Did they really award the film “The Scarapist” for Best Feature at the Berlinale?

Please let me know because there are a lot of frauds claiming fake awards in the industry lately.


drs. Efthimia Dilpizoglou


The Berlinale EFM, predictably, responded in the negative: they wrote to me that The Scarapist has never received any awards at their festival, and that they have never heard of this alleged “Verein” before.

Part 2: The proliferation of false awards claims on the internet by indie film industry poseurs for the sake of promoting their films – the use of aggregator websites and Search Engine Optimization services to spread false claims far and wide on the internet with no oversight.

Aggregator websites are used by companies that offer so-called Search Engine Optimization or SEO services. If you are unfamiliar with the wacky world of Search Engine Optimization and how they are used to manipulate search engine hits, please read this Wikipedia article:

What these companies basically do is they run a whole bunch of fake websites appearing to the casual viewer like regular press release websites, and proceed to post the same PR message on all these sites that they themselves run simultaneously. Because the message ends up on so many websites at the same time, Google’s web-crawling spider-bots pick up the same PR message over and over again on different websites and thus the PR message ends up at the top of the list of hits when you do a Google Search for a specific term. Because there is no oversight whatsoever, Search Engine Optimization services are a great way for liars to propagate lies far and wide on the internet with virtually no impediment. Google already knows about SEO websites manipulating its web-crawlers in this manner,  but Google doesn’t care to block them from doing so. In fact, as you will see in the list of aggregator sites I have assembled below, Google happily participates in the perpetration of deceitful PR messages through SEO by hosting these deceitful PR messages on their own website.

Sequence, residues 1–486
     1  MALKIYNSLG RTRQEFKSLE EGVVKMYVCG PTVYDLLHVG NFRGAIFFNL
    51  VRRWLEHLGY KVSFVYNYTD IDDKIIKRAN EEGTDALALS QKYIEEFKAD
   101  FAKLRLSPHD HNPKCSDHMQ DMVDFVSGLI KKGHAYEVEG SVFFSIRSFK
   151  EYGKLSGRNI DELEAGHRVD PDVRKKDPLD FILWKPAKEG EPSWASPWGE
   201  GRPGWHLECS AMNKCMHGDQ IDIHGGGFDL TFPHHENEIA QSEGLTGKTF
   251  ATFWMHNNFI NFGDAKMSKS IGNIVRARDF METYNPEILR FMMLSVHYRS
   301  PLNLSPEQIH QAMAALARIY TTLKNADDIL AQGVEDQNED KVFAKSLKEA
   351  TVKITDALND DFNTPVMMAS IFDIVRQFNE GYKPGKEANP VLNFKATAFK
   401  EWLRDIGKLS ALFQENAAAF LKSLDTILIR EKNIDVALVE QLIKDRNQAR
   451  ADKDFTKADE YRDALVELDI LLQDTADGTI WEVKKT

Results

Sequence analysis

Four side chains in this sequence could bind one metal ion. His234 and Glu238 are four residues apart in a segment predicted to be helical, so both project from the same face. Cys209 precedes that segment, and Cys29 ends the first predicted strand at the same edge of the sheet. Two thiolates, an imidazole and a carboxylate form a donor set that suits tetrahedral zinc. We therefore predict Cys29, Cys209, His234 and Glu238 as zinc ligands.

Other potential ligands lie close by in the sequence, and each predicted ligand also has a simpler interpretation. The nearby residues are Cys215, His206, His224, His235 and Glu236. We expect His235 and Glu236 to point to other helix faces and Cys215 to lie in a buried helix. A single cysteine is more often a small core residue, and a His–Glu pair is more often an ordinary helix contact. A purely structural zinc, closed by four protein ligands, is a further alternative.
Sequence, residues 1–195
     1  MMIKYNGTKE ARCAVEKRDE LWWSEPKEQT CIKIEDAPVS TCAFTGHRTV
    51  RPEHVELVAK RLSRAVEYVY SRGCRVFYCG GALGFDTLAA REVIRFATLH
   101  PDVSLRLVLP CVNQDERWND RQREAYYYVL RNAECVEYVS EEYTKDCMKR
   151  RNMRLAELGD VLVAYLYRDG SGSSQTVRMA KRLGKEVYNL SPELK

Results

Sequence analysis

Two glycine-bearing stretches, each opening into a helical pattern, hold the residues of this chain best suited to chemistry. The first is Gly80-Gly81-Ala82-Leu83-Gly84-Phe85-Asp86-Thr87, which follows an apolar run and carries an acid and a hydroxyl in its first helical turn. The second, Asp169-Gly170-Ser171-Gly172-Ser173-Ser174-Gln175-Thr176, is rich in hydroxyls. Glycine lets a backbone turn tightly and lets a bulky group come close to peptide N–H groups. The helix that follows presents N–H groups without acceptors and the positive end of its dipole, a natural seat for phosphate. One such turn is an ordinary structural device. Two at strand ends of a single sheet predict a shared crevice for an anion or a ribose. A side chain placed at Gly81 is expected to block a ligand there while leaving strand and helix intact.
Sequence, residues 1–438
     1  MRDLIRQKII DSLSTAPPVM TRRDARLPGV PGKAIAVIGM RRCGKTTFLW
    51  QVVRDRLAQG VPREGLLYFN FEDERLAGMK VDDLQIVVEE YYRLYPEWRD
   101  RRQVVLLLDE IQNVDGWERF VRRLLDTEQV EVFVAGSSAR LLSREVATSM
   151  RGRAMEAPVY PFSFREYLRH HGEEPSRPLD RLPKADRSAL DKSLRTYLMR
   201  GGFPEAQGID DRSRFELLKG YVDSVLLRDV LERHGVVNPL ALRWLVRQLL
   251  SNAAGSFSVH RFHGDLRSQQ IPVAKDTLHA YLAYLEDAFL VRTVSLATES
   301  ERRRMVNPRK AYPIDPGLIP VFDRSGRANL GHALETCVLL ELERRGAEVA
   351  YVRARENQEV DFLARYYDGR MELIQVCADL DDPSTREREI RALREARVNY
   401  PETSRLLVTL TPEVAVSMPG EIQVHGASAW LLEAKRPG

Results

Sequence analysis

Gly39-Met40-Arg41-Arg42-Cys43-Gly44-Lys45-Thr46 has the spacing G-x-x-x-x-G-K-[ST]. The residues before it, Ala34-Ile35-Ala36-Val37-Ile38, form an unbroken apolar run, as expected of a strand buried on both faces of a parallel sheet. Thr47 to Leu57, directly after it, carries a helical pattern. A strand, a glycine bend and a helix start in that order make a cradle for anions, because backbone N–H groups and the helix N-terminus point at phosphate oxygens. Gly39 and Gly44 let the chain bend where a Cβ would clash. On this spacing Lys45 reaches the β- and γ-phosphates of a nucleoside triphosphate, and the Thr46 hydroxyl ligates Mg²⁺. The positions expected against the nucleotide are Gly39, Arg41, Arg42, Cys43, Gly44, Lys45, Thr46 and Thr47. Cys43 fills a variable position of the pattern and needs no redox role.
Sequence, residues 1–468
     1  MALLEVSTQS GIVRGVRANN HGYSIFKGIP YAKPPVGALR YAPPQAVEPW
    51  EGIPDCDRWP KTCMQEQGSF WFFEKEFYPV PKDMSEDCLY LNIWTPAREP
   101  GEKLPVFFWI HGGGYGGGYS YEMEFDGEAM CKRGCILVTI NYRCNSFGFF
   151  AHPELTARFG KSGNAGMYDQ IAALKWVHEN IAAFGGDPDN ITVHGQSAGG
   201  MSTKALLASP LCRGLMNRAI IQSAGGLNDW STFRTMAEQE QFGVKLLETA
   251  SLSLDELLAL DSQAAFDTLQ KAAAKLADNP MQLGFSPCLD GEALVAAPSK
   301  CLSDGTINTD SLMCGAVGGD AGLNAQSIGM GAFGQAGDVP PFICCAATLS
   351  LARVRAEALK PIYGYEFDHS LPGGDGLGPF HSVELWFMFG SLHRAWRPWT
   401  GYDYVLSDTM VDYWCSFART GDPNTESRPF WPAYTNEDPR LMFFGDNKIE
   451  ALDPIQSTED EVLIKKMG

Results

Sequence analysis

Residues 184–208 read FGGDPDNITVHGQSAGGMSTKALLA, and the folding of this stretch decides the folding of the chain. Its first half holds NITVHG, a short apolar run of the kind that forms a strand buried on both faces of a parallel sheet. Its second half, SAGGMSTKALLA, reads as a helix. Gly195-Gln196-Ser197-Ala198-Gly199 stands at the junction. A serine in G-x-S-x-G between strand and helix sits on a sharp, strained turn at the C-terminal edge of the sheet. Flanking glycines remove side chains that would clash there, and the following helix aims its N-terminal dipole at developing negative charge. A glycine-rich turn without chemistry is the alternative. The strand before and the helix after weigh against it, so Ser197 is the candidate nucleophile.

You can generally recognize an aggregator website because they will include a disclaimer at the top of their site with the following text or something to this effect: “Information contained on this page is provided by companies via press release distributed through PR Newswire, an independent third-party content provider. PR Newswire, WorldNow and this Station make no warranties or representations in connection therewith.”. This disclaimer is just a legal trick for aggregator websites to absolve themselves of defamation lawsuits for being used by liars to spread all kinds of bullshit on the internet. However, some aggregator websites are so deceptive and reckless that they do not even bother to include any disclaimer at all at the top of their pages, and only upon close scrutiny does it become apparent that one is dealing with a press-release aggregator and not a regular website with real content. Such disclaimer-free aggregator websites are amongst the most rogue and feral websites on the internet.

I have assembled what I believe to be the full list of aggregator websites used by Jeanne Marie Spicuzza to spread the false claim that her film The Scarapist received an award “at Berlinale International Film Festival and European Film Market”. The language used in the original press release, which was then copied onto all the other aggregator websites, is clearly meant to be misleading and to suggest that The Scarapist received a Berlinale award. Also, notice how many of these aggregator websites listed below have the word “fox” in their domain name. The use of the word “fox” in the domain name is meant to falsely suggest that these are Fox News websites or somehow Fox News affiliated websites when they are not.